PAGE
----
Photos: Soul Food for Thought Café, final event for UH Hilo’s Black History Month

It was a time for the UH Hilo community to indulge in soul food for the mind and the belly. Theopholius O’Neal was presented with a Certificate of Appreciation and Achievement.

By Susan Enright. Photos by Claudia Hagan.

Helen "Yolissa" Duley, Ginger Hamilton, Theopholius O'Neal; and Michael Marshall stand for photo.
Left to right: Helen “Yolissa” Duley, sociology lecturer and health education program specialist; Ginger Hamilton, director of the Minority Access and Achievement Program; Theopholius O’Neal; and Michael Marshall, art professor. O’Neal received a Certificate of Appreciation and Achievement during the “Soul Food for Thought  Café” event held on Friday. Click photo to enlarge.

For the final event of February’s Black History Month, the University of Hawai‘i at Hilo held a “Soul Food for Thought Café” event last Friday, where poets, spoken word artists, musicians, and other entertainers took to the open mic to share their talents. There also was a buffet of favorite soul foods. The event was billed as “a time for the UH Hilo community to indulge in soul food for the mind and the belly.”

The opening group at the event was the Gospel Jazz Hilo Band led by singer Shallon Craddock, a pediatrician in Hilo. They opened with “Lift Every Voice and Sing” which is often referred to as the African American National Anthem.

“There was a nice balance of community members and students participating in the entertainment, which included songs, poetry, and hula,” says Ginger Hamilton, director of the Minority Access and Achievement Program.

Approximately 130 people attended. The Student Activities Council provided funding for the food.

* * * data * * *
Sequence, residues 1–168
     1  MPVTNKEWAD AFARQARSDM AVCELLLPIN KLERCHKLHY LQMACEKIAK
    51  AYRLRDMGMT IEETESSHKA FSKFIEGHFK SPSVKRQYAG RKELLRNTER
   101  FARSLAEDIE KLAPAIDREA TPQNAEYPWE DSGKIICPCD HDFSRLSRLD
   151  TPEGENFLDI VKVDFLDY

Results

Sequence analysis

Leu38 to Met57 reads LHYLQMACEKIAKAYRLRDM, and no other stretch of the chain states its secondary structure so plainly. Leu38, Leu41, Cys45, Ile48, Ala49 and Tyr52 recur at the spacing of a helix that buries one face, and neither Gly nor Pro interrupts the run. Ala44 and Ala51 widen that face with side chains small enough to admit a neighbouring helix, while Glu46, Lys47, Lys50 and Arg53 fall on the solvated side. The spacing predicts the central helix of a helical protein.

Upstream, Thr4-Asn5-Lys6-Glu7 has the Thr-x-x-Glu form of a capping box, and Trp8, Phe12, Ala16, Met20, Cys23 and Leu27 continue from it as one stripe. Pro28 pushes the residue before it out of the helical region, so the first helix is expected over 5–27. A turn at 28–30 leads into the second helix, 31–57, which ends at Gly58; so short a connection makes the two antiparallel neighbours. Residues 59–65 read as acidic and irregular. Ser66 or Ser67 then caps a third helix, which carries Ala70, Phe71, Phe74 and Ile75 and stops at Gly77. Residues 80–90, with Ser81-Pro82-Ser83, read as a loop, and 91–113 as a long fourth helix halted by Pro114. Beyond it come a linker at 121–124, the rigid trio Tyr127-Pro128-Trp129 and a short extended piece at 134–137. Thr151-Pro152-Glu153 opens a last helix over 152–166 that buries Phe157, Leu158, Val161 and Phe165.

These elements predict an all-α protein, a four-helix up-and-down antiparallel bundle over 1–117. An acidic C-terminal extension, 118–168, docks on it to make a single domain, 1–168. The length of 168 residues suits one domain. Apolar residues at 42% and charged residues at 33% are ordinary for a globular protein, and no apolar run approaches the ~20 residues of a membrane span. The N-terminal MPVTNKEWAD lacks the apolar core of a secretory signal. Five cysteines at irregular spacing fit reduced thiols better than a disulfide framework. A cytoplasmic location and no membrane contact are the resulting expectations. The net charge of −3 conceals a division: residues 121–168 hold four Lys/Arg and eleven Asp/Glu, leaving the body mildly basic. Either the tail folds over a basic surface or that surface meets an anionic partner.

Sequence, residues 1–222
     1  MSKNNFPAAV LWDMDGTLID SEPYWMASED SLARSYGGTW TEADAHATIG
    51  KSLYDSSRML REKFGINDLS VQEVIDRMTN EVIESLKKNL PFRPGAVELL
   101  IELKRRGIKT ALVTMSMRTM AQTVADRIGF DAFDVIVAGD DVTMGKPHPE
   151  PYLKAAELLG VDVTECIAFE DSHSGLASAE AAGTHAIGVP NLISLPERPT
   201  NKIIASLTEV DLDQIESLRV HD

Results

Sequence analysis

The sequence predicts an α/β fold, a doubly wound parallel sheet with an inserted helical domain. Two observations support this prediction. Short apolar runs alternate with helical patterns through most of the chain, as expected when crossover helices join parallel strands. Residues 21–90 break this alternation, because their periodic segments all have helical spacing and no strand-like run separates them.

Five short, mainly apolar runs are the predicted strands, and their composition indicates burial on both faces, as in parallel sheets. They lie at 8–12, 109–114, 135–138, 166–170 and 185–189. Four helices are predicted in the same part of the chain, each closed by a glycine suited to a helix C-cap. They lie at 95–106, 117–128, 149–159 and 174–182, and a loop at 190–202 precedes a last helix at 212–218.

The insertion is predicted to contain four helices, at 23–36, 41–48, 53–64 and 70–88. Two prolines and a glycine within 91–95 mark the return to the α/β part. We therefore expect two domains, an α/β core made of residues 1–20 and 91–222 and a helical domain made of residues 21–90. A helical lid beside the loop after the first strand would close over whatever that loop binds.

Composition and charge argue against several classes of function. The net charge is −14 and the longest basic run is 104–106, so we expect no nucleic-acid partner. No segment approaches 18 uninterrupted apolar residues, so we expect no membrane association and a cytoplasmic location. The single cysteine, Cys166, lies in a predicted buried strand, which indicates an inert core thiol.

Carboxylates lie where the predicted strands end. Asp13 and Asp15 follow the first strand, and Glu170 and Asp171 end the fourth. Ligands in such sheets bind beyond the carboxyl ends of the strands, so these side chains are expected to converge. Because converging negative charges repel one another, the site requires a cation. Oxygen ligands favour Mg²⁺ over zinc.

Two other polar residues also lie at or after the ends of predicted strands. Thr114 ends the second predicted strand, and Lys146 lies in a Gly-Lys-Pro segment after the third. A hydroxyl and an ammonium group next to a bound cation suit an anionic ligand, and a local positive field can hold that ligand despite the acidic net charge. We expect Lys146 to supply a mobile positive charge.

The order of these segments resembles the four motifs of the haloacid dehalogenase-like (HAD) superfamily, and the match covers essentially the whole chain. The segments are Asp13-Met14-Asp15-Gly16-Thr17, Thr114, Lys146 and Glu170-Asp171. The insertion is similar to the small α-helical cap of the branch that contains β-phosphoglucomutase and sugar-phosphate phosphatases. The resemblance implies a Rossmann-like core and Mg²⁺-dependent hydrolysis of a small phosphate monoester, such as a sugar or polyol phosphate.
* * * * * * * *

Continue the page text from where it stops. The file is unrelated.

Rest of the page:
During the event, Theopholius O’Neal was presented with a Certificate of Appreciation and Achievement. A description of the award provided by Hamilton:

The Black History Month Committee would like to recognize Theopholius O’Neal for his outstanding service and commitment to the University of Hawai‘i at Hilo. Theo has been an integral member of the university and Hilo community. He served on the planning committee for Black History Month Planning month for the past two years, was the manager for University Radio Hilo for many years, he assisted with and chaired the Multi-Cultural Festival, and has supported many events on campus including V-Monologues, Ho‘olaule‘a (serving as co-chair for the 20th anniversary celebration in 2015), and Battle of the Bands. Originally from St. Louis, Theo was always willing to share his experience and talent, and mentor others.

He is an inspiring role model for other non-traditional students and is definitely a leader among his peers. We applaud Theo and wish him much success and luck in the future. Theo is returning to St. Louis this month.

Click photos to enlarge.

 

The event was sponsored by the UH Hilo Department of Art, the Minority Access and Achievement Program, the Student Health and Wellness Program, and the Student Activities Council.

Library Exhibit

Also during February was an exhibit honoring Black History in Hawai‘i, exploring the sacrifices, challenges, and contributions of the Black community to global, U.S., and Hawai‘i histories. The display was located at the front entrance of Mookini Library and was created by the UH Hilo Department of History.

Click photos to enlarge.

Photo of an informational board with photo of Martin Luther King Jr.

About the writer of this story: Susan Enright is a public information specialist for the Office of the Chancellor and editor of UH Hilo Stories. She received her bachelor of arts in English and certificate in women’s studies from UH Hilo.

About the photographer: Claudia Hagan is a part-time student at UH Hilo, currently taking courses in marketing and digital photography and serving as photographer for the Office of the Chancellor. She hails from Argentina and is a natural light portrait photographer based on Hawai‘i Island—visit her website at claudiahagan.com.